Node.js Best Practices

Node.js Best Practices — Exceptions

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Like any kind of apps, JavaScript apps also have to be written well.

Otherwise, we run into all kinds of issues later on.

In this article, we’ll look at some best practices we should follow when writing Node apps.

Use Promises for Async Error Handling

We should use promises for async error handling.

Handling async errors in the callback style would be a mess if we have many nested callbacks.

Node style callbacks don’t allow us to chain the async calls without nesting.

To avoid this, we should make sure that we use promises.

For example, instead of writing:

getData(someParameter, function(err, result){
    if(err !== null && err !== undefined)
    getMoreData(a, function(err, result){
          if(err !== null && err !== undefined)
        getMoreData(b, function(c){
                getMoreData(d, function(e){

We have 4 nested callbacks, which is definitely hard to read even if if we omit the logic code.

Instead, we write:


We can make this a long cleaner since promises has a then method which we can pass callbacks into.

If we want to catch errors, we use the catch method.

We can also use the async and await syntax to chang promises and use try-catch to catch errors.

For instance, we can write:

const work = async () =>
  try {
    const r1 = await doWork();
    const r2 = await doMoreWork();
    const r3 = await doWork();
    const r4 = await verify();
  catch (e) {

Each then callback returns a promise so we can use await on them.

Use Only the Built-in Error Object

The built-in error constructor should be used to create errors.

The Error constructor has the error message and stack trace.

They’re useful for troubleshooting issues which will be lost if we throw anything else

For example, instead of writing:

throw 'error';

We write:

throw new Error("error");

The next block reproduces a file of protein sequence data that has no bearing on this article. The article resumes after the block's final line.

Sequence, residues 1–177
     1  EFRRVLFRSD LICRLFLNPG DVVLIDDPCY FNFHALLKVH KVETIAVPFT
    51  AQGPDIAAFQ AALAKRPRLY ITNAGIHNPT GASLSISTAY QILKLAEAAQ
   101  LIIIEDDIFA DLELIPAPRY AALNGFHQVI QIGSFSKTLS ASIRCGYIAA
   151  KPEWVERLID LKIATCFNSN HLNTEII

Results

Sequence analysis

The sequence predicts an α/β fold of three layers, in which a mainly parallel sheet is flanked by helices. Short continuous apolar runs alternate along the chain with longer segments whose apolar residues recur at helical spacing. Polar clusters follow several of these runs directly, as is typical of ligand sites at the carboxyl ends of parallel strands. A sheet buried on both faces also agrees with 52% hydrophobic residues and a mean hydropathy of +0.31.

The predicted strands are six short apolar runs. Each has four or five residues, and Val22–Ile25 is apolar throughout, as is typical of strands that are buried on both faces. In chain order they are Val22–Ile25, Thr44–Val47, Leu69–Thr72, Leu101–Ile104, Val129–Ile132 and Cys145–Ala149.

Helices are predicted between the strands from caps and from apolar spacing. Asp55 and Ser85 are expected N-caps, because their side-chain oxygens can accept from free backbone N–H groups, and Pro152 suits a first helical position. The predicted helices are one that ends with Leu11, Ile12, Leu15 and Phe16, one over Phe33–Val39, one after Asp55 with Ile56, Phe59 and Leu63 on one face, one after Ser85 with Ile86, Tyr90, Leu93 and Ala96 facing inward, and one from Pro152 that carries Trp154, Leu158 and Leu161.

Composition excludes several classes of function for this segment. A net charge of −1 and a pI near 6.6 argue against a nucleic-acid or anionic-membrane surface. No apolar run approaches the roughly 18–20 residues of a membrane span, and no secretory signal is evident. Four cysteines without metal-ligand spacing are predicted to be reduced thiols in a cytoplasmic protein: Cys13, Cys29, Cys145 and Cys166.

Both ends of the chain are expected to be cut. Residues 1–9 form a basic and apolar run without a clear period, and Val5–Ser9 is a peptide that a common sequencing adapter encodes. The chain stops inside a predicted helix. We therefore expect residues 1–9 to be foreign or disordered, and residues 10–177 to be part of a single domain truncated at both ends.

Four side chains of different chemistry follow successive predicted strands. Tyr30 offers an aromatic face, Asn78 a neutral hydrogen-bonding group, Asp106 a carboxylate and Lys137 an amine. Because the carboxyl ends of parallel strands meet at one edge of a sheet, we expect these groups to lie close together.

It’ll have the stack trace up to where the error is thrown.

Distinguish Operational vs Programmer Errors

We should distinguish operational vs programmer errors.

Operational errors are errors where the impact of the error is fully understood and can be handled.

Programmer errors refer to unknown code failures where we need to gracefully restart the application.

For the errors we can handle, we should be able to handle them and avoid restating our app.

We can throw errors, by writing:

if(!product) {
  throw new Error("no product selected");

const myEmitter = new MyEmitter();
myEmitter.emit('error', new Error('error'));

We can throw errors in synchronous code and event emitters.

We can throw an error in a promise with:

new Promise((resolve, reject) => {
    .then((product) =>{
         return reject(new Error("no product added"));

We have a promise that calls reject with an Error instance to throw the error.

These are the right ways to throw errors.

Other ways that are around include listening to the uncaughtException event:

process.on('uncaughtException', (error) => {
  if (!error.isOperational)

Listening to the uncaughtException event changes the behavior of the event so it shouldn’t be listened to.

process.exit is also a bad way to end a program because it abruptly ends the program.


We should throw and catch errors in the right way.

This way our app will handle them gracefully.

By John Au-Yeung

Web developer specializing in React, Vue, and front end development.

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